The classic model of early modern diplomacy implies the exchange of missions between courts and sovereigns, but recent scholarship emphasises that many cross-imperial contacts transcended this scheme. Whether missions were sent from Manila to Nagoya, from Sanlúcar de Barrameda to Marrakesh or from Buda to Vienna, regional authorities or local notables conducted these exchanges with tacit or indirect control of their sovereign court. Given the breadth and variety of this typology, we set out to formalise how such indirect diplomacy developed throughout the first globalisation. Specific objectives include the following:
- Rethinking the concept of diplomacy to include broader communication between polities, the protectorates and cross-border contacts
- Problematizing the concept of indirect diplomacy to find out why, how, and when recourse to broad communication became necessary in a given spatial-temporal context and whether it brought marginal benefits or had repercussions on a broader geopolitical level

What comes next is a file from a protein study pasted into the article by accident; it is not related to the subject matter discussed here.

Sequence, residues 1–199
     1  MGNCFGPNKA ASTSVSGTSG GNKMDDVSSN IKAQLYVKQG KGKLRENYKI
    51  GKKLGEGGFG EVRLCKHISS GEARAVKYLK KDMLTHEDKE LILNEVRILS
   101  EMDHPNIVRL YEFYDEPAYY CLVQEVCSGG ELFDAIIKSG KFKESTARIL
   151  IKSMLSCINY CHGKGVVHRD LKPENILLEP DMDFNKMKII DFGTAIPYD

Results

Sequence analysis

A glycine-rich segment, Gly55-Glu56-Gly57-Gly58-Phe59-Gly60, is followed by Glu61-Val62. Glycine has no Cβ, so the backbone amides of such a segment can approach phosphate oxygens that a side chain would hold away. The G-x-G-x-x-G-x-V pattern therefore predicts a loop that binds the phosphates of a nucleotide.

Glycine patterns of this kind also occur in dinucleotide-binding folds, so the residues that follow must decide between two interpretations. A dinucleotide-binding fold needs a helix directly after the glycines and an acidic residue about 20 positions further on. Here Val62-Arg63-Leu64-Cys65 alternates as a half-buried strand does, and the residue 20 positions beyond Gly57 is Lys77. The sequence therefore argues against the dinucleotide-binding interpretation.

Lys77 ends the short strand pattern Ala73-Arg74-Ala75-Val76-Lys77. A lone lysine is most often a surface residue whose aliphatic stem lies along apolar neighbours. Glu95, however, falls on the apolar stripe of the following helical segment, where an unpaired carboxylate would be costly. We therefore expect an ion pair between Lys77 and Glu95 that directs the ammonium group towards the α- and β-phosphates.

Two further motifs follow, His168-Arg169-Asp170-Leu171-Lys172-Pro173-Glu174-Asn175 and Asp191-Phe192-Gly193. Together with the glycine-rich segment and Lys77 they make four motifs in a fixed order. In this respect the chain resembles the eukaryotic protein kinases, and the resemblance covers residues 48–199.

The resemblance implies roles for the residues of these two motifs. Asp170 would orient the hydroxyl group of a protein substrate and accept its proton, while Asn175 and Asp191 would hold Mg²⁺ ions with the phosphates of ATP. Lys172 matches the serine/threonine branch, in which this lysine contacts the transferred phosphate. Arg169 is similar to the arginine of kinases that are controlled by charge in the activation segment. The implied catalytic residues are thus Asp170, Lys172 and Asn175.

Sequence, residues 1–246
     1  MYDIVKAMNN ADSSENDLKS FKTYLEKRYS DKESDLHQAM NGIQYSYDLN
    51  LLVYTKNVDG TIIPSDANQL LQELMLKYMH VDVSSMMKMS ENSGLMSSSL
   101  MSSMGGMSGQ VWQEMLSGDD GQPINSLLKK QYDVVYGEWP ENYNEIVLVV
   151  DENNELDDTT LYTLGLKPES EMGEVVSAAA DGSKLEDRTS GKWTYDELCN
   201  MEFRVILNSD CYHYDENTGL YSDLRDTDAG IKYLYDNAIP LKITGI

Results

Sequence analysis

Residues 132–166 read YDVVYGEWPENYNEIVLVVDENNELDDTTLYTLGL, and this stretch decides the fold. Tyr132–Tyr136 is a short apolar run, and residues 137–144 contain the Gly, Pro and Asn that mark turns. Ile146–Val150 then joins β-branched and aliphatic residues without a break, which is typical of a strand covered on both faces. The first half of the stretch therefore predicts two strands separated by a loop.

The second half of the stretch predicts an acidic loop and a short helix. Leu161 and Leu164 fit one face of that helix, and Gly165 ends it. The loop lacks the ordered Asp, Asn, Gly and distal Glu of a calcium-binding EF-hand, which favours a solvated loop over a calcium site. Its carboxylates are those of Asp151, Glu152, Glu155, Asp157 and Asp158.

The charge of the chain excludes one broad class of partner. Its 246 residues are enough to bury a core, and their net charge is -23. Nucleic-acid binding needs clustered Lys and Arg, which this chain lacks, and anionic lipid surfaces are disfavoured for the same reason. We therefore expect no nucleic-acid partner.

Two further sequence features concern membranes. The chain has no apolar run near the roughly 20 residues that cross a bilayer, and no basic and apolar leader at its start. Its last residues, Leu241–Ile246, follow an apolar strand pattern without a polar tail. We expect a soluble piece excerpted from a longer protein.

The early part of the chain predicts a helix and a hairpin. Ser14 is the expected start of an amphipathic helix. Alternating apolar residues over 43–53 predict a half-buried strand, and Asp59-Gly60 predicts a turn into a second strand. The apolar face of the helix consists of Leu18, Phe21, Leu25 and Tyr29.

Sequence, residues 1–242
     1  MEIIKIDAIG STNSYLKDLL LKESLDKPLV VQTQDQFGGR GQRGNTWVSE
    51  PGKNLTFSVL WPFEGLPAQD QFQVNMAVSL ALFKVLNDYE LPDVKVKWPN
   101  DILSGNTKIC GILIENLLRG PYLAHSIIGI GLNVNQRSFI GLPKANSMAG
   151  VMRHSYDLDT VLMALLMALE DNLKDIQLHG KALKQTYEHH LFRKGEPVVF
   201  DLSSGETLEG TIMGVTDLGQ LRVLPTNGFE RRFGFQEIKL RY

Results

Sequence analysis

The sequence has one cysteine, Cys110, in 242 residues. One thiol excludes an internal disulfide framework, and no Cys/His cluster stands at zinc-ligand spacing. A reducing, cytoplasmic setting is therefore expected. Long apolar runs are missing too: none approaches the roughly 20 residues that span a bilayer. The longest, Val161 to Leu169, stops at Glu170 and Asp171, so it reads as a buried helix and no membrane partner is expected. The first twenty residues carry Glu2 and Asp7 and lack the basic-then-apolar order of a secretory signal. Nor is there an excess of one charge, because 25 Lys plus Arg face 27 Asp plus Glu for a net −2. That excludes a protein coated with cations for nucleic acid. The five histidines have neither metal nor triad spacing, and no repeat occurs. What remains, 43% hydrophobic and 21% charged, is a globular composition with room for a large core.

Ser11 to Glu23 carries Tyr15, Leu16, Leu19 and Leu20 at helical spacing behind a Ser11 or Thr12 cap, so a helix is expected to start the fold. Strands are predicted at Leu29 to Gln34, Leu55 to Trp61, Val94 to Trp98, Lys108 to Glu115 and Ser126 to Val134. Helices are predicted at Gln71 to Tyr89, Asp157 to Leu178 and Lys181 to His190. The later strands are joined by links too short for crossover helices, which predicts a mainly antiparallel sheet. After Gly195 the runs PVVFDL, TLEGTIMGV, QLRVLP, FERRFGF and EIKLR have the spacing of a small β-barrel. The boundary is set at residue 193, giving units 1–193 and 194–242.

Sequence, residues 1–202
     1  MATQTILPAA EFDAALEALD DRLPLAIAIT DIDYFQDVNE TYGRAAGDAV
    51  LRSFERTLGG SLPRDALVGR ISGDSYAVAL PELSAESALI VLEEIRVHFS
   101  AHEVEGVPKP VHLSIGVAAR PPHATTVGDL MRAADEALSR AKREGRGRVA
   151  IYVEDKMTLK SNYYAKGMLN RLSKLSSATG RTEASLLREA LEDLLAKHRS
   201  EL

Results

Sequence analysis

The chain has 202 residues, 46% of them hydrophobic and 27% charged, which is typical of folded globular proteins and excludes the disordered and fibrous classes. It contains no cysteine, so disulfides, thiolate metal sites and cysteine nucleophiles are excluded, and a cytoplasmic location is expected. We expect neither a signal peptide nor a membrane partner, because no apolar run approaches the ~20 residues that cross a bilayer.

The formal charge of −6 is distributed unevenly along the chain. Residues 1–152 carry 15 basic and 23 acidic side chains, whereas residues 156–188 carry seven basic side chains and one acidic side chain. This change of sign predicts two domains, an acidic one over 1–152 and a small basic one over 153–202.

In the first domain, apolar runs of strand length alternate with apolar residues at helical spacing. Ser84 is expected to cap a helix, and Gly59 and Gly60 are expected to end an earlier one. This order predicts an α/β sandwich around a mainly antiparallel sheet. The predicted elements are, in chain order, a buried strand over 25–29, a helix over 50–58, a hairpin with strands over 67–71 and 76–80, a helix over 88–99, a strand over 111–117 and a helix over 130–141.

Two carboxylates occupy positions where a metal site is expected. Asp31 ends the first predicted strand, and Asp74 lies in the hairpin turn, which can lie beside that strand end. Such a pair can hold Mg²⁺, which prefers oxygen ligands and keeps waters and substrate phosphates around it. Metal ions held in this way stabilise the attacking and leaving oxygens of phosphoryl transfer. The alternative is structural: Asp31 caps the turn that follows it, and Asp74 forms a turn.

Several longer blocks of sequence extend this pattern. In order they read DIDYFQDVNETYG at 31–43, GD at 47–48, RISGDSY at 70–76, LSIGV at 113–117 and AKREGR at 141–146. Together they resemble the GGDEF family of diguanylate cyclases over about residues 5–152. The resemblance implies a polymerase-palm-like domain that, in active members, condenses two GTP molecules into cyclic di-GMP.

- Analysing the devices of control and of political communication that the sovereign authority had at its disposal for these missions, between validation and ambiguity
- Recognising the perception of these missions’ nature at their destination, between espionage, informality, and official recognition, as well as the relationship between negotiations, actors, and spaces
- Determining a grammar of indirect diplomacy in order to ascertain the presence (or absence) of norms, practices, languages, and codes shared by diplomatic agents, avoiding a relativist re-reading of the history of diplomacy
Confirmed speakers include Tilman Haug (Universität Münster), Lisa Hellmann (Universität Bonn), Gabor Karman (Hungarian Academy of Sciences), David Martín Marcos (UNED), Robin D. Radway (Central European University), and Hillard von Thiessen (Universität Rostock). We invite submissions of max. 250 words for twenty-minute papers or 3/4-paper panels to firstname.lastname@example.org. Deadline for submissions is 31 May.